For all the atrocities of foreign wars that take place on the front lines and in the nations where the battles are being fought, there are often atrocities that happen back home; atrocities that get swept under the rug of history or dismissed as unimportant in the larger scheme of things. One such atrocity that is coming to light more in recent years—thanks in part to recent political moves that echo the problematic themes of this atrocity—is the internment of people of Japanese descent during World War II. Until reading Leslie Shimotakahara’s recent novel, After the Bloom which is in part inspired by her own family’s history in the American internment camps, I had no idea that camps like that were established in parts of Canada too. What her novel brings to life so importantly is that these camps had lasting effects at all levels—the individual, the family, and the community.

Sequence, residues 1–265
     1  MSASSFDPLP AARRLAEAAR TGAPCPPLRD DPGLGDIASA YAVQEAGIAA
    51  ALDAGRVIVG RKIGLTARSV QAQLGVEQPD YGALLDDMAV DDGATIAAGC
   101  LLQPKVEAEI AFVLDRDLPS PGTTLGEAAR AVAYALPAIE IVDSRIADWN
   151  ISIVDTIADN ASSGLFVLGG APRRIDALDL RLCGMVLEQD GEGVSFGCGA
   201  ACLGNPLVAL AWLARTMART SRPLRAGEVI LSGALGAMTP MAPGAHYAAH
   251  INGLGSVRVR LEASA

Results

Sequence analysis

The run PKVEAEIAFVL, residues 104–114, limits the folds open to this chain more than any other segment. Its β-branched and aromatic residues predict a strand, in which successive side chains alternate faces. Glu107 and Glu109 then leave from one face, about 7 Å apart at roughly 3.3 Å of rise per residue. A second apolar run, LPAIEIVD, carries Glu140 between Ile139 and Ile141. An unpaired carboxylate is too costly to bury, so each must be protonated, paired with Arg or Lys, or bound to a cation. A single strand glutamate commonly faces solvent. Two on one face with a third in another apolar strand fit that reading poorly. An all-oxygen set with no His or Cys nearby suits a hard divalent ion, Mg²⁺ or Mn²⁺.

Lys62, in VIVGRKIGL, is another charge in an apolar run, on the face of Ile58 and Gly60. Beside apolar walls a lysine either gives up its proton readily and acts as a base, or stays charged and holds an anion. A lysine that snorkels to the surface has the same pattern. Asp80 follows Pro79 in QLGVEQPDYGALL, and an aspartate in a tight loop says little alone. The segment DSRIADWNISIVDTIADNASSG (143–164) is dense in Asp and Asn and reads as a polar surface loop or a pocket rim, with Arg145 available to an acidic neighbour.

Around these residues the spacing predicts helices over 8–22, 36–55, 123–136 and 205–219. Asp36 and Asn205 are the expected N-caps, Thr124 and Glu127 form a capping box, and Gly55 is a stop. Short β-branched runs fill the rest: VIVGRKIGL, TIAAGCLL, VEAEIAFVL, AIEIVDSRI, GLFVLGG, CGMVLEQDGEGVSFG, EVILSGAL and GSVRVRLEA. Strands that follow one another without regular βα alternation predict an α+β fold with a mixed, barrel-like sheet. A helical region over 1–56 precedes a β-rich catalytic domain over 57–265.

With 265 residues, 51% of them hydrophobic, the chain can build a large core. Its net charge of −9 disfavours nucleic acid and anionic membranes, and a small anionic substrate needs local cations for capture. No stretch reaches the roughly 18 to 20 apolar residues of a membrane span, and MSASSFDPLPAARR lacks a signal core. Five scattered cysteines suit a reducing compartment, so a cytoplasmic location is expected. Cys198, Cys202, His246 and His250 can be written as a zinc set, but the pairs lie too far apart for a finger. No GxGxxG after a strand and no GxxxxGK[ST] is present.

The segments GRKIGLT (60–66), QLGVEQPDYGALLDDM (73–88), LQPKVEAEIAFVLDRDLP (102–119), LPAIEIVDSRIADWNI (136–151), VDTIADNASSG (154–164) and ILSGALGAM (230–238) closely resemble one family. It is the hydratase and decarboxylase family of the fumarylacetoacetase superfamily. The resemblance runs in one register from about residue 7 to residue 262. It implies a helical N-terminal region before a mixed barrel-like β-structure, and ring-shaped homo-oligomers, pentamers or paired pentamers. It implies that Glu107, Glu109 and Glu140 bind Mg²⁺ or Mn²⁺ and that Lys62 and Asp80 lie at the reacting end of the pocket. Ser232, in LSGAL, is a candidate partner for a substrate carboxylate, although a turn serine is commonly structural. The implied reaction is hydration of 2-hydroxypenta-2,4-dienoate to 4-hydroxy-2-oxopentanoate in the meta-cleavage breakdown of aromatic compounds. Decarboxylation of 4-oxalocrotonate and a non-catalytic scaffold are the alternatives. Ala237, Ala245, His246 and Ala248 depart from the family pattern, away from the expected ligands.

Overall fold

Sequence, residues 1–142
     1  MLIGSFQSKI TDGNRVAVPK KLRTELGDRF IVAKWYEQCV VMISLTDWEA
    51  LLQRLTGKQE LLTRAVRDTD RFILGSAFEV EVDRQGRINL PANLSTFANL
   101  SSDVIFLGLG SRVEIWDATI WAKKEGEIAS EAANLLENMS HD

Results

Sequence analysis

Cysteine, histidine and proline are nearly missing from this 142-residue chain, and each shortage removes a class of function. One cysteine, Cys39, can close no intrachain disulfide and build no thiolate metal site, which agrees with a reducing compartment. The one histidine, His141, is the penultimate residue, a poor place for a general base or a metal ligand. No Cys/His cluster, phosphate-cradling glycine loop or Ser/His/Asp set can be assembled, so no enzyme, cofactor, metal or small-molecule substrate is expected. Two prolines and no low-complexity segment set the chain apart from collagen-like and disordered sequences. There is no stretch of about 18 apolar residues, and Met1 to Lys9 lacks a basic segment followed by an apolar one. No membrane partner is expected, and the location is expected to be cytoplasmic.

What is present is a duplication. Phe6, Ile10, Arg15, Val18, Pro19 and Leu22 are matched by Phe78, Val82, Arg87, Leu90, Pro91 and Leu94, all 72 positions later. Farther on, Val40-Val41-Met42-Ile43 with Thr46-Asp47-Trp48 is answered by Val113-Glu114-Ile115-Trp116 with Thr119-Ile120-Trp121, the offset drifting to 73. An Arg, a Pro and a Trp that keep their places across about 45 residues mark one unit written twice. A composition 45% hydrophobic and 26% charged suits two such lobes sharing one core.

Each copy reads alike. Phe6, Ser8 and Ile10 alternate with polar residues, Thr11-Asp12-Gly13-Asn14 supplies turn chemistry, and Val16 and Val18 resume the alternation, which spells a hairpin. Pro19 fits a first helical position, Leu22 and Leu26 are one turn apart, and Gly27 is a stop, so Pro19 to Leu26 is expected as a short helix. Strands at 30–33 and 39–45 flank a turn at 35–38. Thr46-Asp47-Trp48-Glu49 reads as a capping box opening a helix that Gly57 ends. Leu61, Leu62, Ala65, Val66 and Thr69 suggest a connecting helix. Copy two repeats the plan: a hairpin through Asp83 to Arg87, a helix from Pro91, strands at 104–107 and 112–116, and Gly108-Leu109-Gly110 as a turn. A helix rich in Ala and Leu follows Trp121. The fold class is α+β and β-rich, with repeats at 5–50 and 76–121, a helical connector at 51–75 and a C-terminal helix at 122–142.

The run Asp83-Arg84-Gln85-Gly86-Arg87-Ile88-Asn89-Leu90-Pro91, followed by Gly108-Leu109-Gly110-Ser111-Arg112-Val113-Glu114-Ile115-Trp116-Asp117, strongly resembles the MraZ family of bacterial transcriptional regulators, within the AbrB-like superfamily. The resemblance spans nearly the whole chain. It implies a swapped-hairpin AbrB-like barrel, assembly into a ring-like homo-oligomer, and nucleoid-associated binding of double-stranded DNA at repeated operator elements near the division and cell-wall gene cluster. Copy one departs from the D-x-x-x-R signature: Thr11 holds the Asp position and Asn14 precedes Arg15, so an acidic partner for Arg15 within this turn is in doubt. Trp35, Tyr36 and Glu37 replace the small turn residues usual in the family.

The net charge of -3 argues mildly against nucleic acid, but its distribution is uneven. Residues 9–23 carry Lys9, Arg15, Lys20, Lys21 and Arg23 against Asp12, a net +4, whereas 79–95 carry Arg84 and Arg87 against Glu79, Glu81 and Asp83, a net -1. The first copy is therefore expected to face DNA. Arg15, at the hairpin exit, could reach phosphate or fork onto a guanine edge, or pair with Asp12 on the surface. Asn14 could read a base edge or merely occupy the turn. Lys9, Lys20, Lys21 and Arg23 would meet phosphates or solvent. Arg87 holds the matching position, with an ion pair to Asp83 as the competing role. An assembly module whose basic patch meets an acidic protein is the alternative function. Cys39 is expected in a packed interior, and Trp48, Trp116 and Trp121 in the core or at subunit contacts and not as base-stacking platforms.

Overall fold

Rita knew her mother, Lily, had spent time during the war in an internment camp in California but since her mother never really spoke about it, Rita knows very little about that period of her mother’s life. It’s clear that it might be linked to the ways her mother can become ‘confused’ but Rita has more pressing things to worry about in the wake of her recent divorce and subsequent move. That is, until her mother goes missing. The police investigate but with no evidence of foul play, there isn’t much they can do. Rita takes it upon herself to look into why her mother might have left and where she might have gone. The more questions she asks, the more the answers seem to center around an incident that happened at the internment camp. Continue reading